Markets that are perceived at greatest risk of an apartment bubble include a mix of so-called high-growth markets, such as: Atlanta (44%), Orlando (40%), Houston (25%), and Miami (20%); and high-barrier-to-entry markets, such as: Washington D.C., (30%), Austin (25%), and Southern California (20%).

Graph - Markets perceived at greatest risk

RCLCO Outlook

The survey results above are consistent with the perhaps contradictory psyche of most of us in the real estate industry – we are generally an optimistic bunch, as evidenced by the relatively positive RMI Index scores we give the U.S. and our regional markets. And yet at the same time, we have to acknowledge that it’s been a tough slog, and it is going to take some time for the economy and real estate markets to recover, as evidenced by the generally poor marks we give to our specific industry sectors and the time we expect these real estate sectors to fully recover – except for apartments, of course, but then there is an increasing risk that we may be overdoing it again in this one healthy sector before too long.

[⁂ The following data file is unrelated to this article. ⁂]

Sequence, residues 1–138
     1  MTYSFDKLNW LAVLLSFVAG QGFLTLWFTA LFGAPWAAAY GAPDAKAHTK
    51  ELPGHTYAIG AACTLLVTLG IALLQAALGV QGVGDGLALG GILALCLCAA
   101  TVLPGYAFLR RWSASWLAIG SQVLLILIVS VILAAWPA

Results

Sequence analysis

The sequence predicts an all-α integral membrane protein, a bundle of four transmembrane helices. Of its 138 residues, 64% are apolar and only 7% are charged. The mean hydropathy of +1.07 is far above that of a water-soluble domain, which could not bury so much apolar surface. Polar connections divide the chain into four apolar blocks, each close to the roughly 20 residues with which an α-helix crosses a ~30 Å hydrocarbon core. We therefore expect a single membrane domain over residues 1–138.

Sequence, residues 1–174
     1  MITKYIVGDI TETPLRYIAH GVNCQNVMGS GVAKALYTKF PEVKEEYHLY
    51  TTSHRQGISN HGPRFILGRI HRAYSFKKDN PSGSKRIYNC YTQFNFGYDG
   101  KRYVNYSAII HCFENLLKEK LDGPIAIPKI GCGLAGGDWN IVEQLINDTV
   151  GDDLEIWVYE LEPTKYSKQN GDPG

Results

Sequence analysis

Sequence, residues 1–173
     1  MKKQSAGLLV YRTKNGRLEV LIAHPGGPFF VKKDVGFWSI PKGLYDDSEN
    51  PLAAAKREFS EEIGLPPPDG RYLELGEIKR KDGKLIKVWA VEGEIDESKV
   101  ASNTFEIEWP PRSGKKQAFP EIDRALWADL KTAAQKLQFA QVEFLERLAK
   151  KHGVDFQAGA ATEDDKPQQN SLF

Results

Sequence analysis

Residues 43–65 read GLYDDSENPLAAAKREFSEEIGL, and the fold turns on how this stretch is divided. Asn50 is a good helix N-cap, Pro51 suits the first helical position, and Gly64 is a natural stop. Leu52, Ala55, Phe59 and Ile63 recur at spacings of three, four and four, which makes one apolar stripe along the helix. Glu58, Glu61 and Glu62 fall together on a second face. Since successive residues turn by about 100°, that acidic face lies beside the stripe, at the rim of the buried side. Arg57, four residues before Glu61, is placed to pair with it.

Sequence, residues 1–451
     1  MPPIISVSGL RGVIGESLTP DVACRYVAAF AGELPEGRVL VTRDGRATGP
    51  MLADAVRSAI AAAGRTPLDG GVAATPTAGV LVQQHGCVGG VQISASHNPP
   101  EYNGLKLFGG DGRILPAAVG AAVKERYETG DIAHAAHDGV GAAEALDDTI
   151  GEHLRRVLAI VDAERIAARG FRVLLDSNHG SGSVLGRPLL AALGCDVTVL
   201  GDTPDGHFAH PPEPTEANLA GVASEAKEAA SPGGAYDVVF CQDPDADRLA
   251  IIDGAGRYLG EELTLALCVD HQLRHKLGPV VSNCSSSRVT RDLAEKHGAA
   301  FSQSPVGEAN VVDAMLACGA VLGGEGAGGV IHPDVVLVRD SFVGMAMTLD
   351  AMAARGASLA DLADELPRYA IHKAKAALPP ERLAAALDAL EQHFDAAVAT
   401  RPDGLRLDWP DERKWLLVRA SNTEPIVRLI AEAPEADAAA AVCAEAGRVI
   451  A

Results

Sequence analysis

The RCLCO outlook is also a mixed bag. We remain confident that the U.S. economy and real estate markets are on a path towards a sustained recovery. And while there are certainly risk factors (short list: Fiscal Cliff, Euro Zone recession, China/Brazil slowing growth, Iran/Syria/oil, etc.), the likelihood of the economy slipping back into recession is low in our view. We are probably past half time in the deleveraging game in the U.S., and while no one expects to see a “hockey stick” rebound, American consumers have largely righted their balance sheets, and as long as there is continued employment growth are poised to drive demand for housing, goods, and services that was delayed or deferred during the Great Recession.

We expect to see slow to moderate growth in the U.S. for the balance of this year and through 2014, with annual GDP growth in the 2% to 3% range. At this rate of growth, the unemployment rate will take time to decline to more healthy long-term averages, and consumer confidence will likely remain below historical norms for a recovery.